Care of new born calf is crucial for both the calf and the farmer. Proper care during the early days of a calf’s life sets the foundation for future health and productivity. In this article, we will discuss the essential aspects of care for newborn calf
Colostrum, the first milk produced by the cow after giving birth. It is rich in alpha and gamma globulin (antibodies) essential for body immunity. It acts as laxative and expels the muconium which is toxic one. It is important to ensure that the calf receives an adequate amount of colostrum within the first few hours of life. A newborn calf should consume at least 10% of its body weight as colostrum within the first 12 hours.
. If the mothers’ colostrum is inadequate, farmer can use colostrum replacers or supplements
Housing and Environment
Newborn calves should be provided with clean, dry, and comfortable housing. A well-ventilated barn or calf pen can be suitable options. The housing should protect the calves from extreme weather conditions. Adequate space must be provided for movement. Bedding material such as straw or wood shavings should be used to ensure cleanliness and prevent the calves from lying on wet surfaces.
Nutrition and Feeding
In addition to colostrum, newborn calves require a balanced diet to support their growth. After the initial colostrum feeding, they should be transitioned to a milk replacer or whole milk. The milk replacer should be of high quality. It is essential to provide the calf with clean and fresh water at all times, along with access to starter feed when they are a few weeks old.
Healthcare and Vaccinations
Regular health checkup practices should be implemented. This includes routine vaccinations, deworming, and monitoring for any signs of illness. Consult with a veterinarian to develop a vaccination schedule and to address any specific health concerns. Early detection and treatment of diseases can significantly improve the calf’s chances of recovery.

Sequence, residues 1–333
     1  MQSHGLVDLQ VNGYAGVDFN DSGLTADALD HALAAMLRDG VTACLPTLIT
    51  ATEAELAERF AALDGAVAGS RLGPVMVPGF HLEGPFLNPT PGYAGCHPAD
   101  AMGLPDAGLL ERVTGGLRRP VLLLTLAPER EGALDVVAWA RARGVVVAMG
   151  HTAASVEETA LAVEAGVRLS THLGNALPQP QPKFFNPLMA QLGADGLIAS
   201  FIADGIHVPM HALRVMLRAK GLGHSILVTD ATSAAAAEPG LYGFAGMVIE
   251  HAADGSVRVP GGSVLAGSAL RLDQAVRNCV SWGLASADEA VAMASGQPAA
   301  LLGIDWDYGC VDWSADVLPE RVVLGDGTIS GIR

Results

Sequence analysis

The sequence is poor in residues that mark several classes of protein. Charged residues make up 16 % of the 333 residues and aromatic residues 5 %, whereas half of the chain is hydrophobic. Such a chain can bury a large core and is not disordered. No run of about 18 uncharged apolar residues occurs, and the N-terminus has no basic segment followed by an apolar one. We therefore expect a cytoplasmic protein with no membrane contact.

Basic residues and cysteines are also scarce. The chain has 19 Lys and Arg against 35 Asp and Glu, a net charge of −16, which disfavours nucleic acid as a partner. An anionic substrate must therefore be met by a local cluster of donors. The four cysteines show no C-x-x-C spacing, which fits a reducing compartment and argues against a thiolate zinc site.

Hygiene and Sanitation
Proper hygiene and sanitation are essential for preventing the spread of diseases among newborn calves. Regularly clean and disinfect feeding equipment, housing, and any other areas where the calves are kept. Practice good biosecurity measures, such as wearing clean clothing and boots when handling the calves, to minimize the risk of introducing pathogens.
Weaning is the process of transitioning the calf from a liquid diet to solid feed. It is typically done when the calf is around 6-8 weeks old. The timing of weaning may vary depending on the individual calf’s growth and development. Gradual weaning is recommended, where the calf’s milk or milk replacer is gradually reduced with starter feed. This allows the calf’s digestive system to adjust to the new diet.
Monitoring and Record-Keeping
Keeping track of the calf’s growth and health is essential for effective management. Regularly weigh the calves to monitor their growth rate and adjust their feeding program accordingly. Maintain records of vaccinations, treatments, and any health issues observed. This information can help identify trends and make informed decisions regarding the calf’s care and management.
Caring for and managing newborn calves requires attention and a proactive approach to their health and well-being. By providing proper nutrition, housing, healthcare, and maintaining good hygiene practices, you can give your calves the best start in life. Do no forget to consult with a veterinarian for advice and to address specific concerns related to your calf management practices.